While negotiators toiled late into the night in Switzerland, scratching together a nuclear agreement with Iran, Senator Bob Corker was conducting his own tense talks back home.
The new chairman of the Foreign Relations Committee, Mr. Corker, a Tennessee Republican, was trying to marshal a bipartisan coalition for his bill to force President Obama to send any agreement with Iran to Congress for approval — a bill that could get enough votes to overcome a veto by Mr. Obama.
“I know that the diplomats in Switzerland, knowing that Congress was likely to weigh in on this deal, that was a positive thing,” Mr. Corker said in a telephone interview on Monday. “Voting for this legislation will have a positive effect on the negotiations, not a negative effect.”
There are few people on Capitol Hill more important to the White House right now than Mr. Corker, the silver-haired senator with the Southern drawl who sees himself as a bridge builder in a Senate known for polarization. At the White House, nobody likes his bill, which would give Congress a 60-day window to debate the Iran agreement before voting yes or no or taking no action, but Mr. Obama and his advisers see him as someone who might work with them to revise the legislation and ultimately make a deal.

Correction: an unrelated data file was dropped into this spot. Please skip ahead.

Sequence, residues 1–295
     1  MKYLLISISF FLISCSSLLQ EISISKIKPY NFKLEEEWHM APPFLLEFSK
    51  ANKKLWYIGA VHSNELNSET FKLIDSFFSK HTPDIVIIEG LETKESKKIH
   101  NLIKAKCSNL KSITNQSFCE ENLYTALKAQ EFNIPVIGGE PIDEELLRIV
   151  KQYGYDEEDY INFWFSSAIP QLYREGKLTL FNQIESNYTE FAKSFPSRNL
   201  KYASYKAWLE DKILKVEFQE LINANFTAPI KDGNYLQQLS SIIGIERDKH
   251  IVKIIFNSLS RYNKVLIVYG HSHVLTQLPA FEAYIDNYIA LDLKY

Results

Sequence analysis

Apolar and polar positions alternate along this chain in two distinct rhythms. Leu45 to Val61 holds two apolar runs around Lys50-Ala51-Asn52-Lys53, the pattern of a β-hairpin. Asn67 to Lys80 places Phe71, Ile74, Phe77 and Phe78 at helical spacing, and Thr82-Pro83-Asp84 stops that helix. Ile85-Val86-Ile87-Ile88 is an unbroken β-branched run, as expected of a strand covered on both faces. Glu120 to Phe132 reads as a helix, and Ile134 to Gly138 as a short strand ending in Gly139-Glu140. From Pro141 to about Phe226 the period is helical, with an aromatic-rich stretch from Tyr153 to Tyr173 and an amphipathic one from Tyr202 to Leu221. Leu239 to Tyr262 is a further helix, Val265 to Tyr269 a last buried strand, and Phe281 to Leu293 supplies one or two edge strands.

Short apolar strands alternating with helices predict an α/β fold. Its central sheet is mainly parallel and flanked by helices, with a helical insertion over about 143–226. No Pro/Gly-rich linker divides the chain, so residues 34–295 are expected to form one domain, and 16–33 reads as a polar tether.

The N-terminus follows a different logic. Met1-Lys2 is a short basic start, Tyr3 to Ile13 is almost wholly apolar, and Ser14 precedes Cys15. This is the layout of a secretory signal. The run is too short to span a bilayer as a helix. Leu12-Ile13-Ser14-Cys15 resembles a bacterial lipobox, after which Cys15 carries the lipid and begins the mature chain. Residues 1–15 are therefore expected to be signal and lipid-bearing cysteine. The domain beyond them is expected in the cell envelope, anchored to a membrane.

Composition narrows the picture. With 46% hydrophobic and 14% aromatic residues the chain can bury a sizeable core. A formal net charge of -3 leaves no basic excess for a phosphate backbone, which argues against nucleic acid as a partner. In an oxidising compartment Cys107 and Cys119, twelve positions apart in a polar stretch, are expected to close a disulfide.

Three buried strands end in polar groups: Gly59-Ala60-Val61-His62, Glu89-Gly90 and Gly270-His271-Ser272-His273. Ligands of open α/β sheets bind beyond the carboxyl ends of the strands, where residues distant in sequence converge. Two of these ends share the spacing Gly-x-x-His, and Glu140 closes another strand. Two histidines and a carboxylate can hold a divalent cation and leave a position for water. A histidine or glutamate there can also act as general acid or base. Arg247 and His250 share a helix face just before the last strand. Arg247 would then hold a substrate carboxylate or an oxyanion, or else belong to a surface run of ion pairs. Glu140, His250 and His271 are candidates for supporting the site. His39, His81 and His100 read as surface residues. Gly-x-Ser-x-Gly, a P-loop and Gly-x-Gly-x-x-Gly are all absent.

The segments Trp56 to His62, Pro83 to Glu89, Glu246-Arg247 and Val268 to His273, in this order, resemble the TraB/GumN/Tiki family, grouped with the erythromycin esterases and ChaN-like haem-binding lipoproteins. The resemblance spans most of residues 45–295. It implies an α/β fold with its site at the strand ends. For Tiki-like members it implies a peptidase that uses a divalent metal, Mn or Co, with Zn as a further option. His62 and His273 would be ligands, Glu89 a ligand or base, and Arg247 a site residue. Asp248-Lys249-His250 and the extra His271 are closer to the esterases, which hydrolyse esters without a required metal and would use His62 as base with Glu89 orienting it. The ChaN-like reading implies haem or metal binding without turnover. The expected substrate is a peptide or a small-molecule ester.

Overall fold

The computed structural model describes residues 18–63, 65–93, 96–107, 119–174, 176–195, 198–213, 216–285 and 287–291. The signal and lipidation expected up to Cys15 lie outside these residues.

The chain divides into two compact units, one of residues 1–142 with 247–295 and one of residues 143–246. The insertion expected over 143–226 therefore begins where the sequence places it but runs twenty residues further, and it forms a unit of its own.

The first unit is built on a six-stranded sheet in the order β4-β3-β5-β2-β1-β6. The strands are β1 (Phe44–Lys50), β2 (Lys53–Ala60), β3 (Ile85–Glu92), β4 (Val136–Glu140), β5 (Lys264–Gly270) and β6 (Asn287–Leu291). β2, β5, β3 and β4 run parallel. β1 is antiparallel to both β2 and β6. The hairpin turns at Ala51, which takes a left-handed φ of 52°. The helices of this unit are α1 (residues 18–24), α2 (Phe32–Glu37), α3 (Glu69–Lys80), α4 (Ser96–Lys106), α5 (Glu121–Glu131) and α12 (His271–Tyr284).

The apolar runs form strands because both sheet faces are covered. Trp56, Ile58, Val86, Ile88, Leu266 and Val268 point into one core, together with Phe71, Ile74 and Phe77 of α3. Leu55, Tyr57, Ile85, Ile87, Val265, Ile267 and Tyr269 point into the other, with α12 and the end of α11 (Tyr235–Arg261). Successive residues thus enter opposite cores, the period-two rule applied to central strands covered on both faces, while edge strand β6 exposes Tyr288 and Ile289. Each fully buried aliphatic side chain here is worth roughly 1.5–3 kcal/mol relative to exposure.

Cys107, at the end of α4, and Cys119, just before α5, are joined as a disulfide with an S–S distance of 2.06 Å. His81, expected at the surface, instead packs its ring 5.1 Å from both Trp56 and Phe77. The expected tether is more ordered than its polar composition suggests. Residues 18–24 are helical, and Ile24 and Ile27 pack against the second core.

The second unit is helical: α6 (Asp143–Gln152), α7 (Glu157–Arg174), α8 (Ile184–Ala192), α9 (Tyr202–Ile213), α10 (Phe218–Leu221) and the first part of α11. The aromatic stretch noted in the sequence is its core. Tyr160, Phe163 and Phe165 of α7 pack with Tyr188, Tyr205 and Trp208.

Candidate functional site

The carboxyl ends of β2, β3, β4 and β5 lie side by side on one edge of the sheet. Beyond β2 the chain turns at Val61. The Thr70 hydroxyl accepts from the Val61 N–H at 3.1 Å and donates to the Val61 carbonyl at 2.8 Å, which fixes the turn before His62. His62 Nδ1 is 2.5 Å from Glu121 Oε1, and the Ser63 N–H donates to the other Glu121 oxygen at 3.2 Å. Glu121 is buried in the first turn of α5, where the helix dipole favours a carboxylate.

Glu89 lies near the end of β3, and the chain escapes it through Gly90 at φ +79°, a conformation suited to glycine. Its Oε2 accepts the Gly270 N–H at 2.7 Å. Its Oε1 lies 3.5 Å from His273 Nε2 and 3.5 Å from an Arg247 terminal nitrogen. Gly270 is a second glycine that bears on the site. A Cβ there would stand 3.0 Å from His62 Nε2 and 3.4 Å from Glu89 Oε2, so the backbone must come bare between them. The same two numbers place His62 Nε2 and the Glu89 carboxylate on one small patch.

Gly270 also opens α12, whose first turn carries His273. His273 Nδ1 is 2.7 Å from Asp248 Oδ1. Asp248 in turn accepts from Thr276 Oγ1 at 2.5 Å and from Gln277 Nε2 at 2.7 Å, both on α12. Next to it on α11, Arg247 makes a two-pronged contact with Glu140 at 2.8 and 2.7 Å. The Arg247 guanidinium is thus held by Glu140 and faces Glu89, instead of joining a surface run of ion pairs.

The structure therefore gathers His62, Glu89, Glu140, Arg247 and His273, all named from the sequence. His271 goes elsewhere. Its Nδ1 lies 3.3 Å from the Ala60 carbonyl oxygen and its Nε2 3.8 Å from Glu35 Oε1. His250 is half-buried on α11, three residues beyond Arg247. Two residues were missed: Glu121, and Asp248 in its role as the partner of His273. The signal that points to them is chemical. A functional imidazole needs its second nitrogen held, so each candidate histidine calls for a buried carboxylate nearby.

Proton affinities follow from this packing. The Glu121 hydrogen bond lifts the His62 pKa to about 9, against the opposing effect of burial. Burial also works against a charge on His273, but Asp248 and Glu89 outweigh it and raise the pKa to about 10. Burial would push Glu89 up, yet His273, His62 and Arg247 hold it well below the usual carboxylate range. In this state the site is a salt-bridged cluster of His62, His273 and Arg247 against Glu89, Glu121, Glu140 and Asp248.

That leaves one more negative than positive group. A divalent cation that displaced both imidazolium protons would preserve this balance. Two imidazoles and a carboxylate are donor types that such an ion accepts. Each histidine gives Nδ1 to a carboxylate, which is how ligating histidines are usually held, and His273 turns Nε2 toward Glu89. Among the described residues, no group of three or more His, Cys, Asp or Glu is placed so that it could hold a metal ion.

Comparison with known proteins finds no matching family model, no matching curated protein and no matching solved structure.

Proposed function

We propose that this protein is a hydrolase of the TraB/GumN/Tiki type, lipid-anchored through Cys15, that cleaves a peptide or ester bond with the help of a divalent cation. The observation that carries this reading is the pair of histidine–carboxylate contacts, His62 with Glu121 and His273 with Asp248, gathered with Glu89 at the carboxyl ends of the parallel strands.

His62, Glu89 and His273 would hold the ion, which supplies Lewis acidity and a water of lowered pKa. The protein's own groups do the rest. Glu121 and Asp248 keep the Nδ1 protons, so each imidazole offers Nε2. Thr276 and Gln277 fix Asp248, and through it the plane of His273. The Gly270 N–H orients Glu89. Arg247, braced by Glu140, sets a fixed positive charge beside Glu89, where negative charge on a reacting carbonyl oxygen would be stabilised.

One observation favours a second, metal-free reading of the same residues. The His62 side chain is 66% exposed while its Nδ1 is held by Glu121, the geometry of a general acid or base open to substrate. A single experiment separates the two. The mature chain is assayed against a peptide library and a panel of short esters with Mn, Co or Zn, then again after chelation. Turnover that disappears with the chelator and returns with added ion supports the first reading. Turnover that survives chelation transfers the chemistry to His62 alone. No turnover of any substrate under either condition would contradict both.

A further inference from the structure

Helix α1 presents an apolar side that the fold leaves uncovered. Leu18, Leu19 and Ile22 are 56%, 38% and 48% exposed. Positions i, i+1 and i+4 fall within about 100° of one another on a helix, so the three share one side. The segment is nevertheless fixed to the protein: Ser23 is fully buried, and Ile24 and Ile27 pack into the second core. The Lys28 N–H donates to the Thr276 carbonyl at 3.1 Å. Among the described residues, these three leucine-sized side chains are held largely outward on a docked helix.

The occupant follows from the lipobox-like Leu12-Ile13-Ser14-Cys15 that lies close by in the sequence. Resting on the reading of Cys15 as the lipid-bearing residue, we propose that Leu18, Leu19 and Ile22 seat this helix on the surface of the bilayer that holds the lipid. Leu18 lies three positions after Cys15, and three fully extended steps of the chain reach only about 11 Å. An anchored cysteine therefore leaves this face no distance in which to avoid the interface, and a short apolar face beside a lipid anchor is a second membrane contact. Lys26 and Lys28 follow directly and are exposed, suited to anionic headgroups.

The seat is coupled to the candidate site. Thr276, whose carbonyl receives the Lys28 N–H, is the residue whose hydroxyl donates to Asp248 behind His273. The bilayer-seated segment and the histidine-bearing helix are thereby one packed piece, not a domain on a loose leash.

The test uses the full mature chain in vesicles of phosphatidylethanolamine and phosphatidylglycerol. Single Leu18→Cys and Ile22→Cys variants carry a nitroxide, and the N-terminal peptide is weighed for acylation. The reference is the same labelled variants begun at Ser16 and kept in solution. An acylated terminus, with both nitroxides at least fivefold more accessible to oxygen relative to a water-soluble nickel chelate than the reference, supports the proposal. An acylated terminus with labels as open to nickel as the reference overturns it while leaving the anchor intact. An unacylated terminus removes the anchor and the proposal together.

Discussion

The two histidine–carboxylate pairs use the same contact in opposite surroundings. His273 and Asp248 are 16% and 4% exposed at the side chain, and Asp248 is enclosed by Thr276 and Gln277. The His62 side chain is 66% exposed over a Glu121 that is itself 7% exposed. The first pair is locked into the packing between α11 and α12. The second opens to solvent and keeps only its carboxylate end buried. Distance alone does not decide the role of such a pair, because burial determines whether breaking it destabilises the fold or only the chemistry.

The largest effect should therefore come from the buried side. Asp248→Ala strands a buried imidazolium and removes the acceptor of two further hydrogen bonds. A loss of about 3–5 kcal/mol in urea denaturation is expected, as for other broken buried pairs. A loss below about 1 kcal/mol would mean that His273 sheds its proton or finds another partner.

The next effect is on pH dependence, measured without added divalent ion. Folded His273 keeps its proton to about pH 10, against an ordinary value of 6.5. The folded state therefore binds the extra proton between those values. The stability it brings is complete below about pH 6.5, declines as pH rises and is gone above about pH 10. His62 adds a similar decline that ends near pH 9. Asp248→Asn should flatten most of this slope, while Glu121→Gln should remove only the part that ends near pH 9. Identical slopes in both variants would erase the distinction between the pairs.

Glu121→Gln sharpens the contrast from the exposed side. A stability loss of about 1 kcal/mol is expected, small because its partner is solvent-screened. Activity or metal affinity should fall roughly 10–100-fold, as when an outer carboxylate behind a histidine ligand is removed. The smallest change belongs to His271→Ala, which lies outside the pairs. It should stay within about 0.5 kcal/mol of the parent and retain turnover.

It is no surprise, then, that the White House has spent the last few days publicly stroking Mr. Corker.
“A good and decent man,” Mr. Obama declared.
“Somebody who has considered this issue in a very principled way,” said the president’s spokesman, Josh Earnest.
The White House now views its central challenge as either negotiating a compromise with Mr. Corker or stopping enough Democrats from joining him so that he is short of a veto-proof majority, at least through June 30, the deadline to translate last week’s preliminary agreement with Iran onto paper. After that, officials said, Mr. Obama may be in a stronger position to argue the merits of the accord.